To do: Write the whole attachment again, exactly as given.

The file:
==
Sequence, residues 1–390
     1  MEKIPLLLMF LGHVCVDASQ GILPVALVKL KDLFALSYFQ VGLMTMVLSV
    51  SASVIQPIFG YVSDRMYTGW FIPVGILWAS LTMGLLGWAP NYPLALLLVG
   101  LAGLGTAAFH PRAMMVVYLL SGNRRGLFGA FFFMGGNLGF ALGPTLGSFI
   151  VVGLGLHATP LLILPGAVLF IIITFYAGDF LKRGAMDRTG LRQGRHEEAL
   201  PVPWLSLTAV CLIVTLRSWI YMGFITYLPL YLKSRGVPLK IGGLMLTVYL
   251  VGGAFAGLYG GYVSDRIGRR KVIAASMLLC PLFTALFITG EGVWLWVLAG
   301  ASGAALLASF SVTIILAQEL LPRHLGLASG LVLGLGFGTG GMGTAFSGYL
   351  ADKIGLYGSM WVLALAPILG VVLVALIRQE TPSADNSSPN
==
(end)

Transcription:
Sequence, residues 1–390
     1  MEKIPLLLMF LGHVCVDASQ GILPVALVKL KDLFALSYFQ VGLMTMVLSV
    51  SASVIQPIFG YVSDRMYTGW FIPVGILWAS LTMGLLGWAP NYPLALLLVG
   101  LAGLGTAAFH PRAMMVVYLL SGNRRGLFGA FFFMGGNLGF ALGPTLGSFI
   151  VVGLGLHATP LLILPGAVLF IIITFYAGDF LKRGAMDRTG LRQGRHEEAL
   201  PVPWLSLTAV CLIVTLRSWI YMGFITYLPL YLKSRGVPLK IGGLMLTVYL
   251  VGGAFAGLYG GYVSDRIGRR KVIAASMLLC PLFTALFITG EGVWLWVLAG
   301  ASGAALLASF SVTIILAQEL LPRHLGLASG LVLGLGFGTG GMGTAFSGYL
   351  ADKIGLYGSM WVLALAPILG VVLVALIRQE TPSADNSSPN